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dc.contributor.authorHenderson, Christopher J
dc.contributor.authorOlds, Andrew D
dc.contributor.authorLee, Shing Y
dc.contributor.authorGilby, Ben L
dc.contributor.authorMaxwell, Paul S
dc.contributor.authorConnolly, Rod M
dc.contributor.authorStevens, Tim
dc.date.accessioned2017-11-08T01:13:26Z
dc.date.available2017-11-08T01:13:26Z
dc.date.issued2017
dc.identifier.issn0171-8630
dc.identifier.doi10.3354/meps12048
dc.identifier.urihttp://hdl.handle.net/10072/352187
dc.description.abstractSpatial properties of landscapes modify the abundance and diversity of most animal assemblages in ways that need to be understood to plan and implement conservation initiatives, and evaluate their effectiveness. Seascape context (i.e. the spatial arrangement of ecosystems) mediates the effects of reserves on fish abundance, species richness and ecological processes in shallow coral reef and mangrove ecosystems; however, it is unclear whether this interaction exerts similar effects on reserves in other ecosystems. This study used baited remote underwater video stations (BRUVS) to test for combined effects of seascape context and reserves on fish abundance in seagrass meadows in Moreton Bay, Queensland, Australia. We demonstrate that the composition of harvested fishes in seagrass meadows was different in reserves and fished areas. Specifically, in reserves there was enhanced abundance of exploited rabbitfish Siganus fuscescens, a functionally important herbivore in local seagrass meadows. These reserve effects are not influenced by the area of seagrass meadows or seascape context they occur in (i.e. their spatial proximity to other ecosystems or the ocean). However, seascape context was directly correlated with the spatial distribution of harvested rabbitfish and emperors Lethrinus spp., which were more abundant in seagrass meadows nearer to the open ocean. Our results show that reserves and seascape context can shape spatial patterns in the abundance of harvested fishes in seagrass meadows, and that these effects may be operating on different components of fish assemblages. Further empirical data on how and where seascape features modify reserve performance are critical for effective conservation in seagrass and related ecosystems.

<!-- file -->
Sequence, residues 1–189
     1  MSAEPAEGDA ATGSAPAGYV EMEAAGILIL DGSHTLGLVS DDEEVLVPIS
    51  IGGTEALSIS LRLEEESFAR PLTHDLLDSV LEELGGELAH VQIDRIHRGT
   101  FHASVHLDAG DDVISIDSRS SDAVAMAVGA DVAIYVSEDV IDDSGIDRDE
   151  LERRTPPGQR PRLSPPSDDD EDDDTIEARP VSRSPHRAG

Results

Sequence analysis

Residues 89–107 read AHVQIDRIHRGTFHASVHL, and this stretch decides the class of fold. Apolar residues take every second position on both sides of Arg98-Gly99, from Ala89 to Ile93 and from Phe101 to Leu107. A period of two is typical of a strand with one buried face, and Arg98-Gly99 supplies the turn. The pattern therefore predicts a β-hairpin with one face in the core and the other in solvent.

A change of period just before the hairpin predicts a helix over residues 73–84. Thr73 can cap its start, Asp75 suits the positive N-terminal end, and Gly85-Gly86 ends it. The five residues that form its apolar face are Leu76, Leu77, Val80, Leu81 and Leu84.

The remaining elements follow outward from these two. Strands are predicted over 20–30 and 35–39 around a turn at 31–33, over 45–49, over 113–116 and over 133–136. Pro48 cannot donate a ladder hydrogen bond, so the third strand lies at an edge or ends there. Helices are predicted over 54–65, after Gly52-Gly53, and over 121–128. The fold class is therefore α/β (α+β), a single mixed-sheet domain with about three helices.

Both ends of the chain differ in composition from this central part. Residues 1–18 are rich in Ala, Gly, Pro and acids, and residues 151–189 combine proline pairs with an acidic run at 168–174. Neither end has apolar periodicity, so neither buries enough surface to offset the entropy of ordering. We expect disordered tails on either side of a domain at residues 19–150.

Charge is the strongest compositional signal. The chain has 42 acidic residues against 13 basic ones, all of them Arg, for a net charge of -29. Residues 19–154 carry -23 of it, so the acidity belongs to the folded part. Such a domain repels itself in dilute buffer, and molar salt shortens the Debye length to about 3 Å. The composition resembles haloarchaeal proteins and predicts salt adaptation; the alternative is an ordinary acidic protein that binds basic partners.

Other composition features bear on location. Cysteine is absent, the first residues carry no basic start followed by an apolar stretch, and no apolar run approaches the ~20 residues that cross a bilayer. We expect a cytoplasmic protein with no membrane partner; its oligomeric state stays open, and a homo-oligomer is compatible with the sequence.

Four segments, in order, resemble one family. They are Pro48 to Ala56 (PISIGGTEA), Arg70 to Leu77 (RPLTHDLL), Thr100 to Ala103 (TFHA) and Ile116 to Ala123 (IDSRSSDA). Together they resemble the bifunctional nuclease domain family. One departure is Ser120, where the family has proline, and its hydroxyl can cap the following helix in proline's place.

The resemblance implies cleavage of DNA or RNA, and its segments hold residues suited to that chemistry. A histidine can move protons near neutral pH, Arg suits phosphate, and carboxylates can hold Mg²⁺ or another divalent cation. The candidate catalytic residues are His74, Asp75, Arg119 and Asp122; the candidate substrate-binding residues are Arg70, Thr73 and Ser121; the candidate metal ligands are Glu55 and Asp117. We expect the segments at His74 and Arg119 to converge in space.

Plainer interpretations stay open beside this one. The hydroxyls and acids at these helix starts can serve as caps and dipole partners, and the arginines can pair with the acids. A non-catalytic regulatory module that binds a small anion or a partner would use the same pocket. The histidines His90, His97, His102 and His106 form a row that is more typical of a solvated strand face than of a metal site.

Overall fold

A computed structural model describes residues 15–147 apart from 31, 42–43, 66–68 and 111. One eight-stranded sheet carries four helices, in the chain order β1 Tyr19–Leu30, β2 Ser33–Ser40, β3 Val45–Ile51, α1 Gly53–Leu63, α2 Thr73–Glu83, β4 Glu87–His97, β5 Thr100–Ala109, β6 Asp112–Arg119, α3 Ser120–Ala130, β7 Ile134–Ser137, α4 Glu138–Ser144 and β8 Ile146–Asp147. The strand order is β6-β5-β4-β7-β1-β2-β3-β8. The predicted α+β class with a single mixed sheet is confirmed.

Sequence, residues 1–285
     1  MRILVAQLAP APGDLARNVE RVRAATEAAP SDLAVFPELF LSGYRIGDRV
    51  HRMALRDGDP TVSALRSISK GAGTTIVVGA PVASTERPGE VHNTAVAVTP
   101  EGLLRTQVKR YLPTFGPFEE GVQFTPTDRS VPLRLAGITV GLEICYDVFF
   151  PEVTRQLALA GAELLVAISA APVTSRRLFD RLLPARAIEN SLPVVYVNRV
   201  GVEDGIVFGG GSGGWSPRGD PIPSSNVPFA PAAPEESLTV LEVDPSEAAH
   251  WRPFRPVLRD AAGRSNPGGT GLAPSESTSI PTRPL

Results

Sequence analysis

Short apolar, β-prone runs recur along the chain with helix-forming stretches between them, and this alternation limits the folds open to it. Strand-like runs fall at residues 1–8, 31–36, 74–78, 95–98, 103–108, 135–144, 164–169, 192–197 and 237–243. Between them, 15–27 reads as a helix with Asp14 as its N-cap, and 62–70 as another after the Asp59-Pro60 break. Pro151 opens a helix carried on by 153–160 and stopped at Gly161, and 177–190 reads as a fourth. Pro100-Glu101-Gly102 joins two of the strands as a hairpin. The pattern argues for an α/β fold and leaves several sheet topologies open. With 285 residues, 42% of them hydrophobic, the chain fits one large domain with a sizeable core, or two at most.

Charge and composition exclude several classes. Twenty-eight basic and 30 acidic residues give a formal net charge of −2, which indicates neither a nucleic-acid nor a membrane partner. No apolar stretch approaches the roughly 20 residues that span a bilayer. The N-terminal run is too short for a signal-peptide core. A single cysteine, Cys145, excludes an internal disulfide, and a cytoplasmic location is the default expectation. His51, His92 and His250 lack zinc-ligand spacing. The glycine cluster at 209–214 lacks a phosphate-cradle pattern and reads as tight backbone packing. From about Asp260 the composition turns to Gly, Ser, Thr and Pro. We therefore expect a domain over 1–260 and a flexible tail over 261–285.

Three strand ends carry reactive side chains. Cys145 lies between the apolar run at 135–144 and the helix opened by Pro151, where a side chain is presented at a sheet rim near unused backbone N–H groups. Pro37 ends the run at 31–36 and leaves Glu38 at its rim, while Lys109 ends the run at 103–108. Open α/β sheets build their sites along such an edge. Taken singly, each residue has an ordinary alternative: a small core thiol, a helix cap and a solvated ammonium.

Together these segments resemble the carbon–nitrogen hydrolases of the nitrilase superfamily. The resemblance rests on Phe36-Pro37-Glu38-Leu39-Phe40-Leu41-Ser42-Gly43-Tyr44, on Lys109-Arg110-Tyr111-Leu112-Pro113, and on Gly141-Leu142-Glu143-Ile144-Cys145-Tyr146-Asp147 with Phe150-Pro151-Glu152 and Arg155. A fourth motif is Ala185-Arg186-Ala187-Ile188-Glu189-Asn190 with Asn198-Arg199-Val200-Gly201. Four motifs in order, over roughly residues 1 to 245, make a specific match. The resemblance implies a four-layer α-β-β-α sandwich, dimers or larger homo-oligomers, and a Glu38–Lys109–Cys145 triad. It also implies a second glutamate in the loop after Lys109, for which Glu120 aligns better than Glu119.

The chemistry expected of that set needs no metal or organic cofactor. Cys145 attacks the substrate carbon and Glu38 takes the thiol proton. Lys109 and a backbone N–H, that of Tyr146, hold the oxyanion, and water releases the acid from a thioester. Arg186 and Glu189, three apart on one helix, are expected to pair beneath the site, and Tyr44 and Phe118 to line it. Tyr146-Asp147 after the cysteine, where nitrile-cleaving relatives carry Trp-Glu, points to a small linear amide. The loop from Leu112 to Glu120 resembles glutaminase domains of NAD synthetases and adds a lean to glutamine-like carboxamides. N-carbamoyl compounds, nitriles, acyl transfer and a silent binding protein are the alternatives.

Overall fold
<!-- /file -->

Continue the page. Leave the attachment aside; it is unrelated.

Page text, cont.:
dc.description.peerreviewedYes
dc.languageEnglish
dc.language.isoeng
dc.publisherInter-Research
dc.relation.ispartofpagefrom135
dc.relation.ispartofpageto144
dc.relation.ispartofjournalMarine Ecology Progress Series
dc.relation.ispartofvolume566
dc.subject.fieldofresearchMarine and Estuarine Ecology (incl. Marine Ichthyology)
dc.subject.fieldofresearchOceanography
dc.subject.fieldofresearchEcology
dc.subject.fieldofresearchZoology
dc.subject.fieldofresearchcode060205
dc.subject.fieldofresearchcode0405
dc.subject.fieldofresearchcode0602
dc.subject.fieldofresearchcode0608
dc.titleMarine reserves and Seascape context shape fish assemblages in seagrass ecosystems
dc.typeJournal article
dc.type.descriptionC1 - Articles
dc.type.codeC - Journal Articles
dc.description.versionVersion of Record (VoR)
gro.facultyGriffith Sciences, Griffith School of Environment
gro.rights.copyright© 2017 Inter Research. The attached file is reproduced here in accordance with the copyright policy of the publisher. Please refer to the journal's website for access to the definitive, published version.
gro.hasfulltextFull Text
gro.griffith.authorStevens, Tim F.
gro.griffith.authorConnolly, Rod M.
gro.griffith.authorLee, Joe Y.
gro.griffith.authorHenderson, Christopher
gro.griffith.authorGilby, Ben


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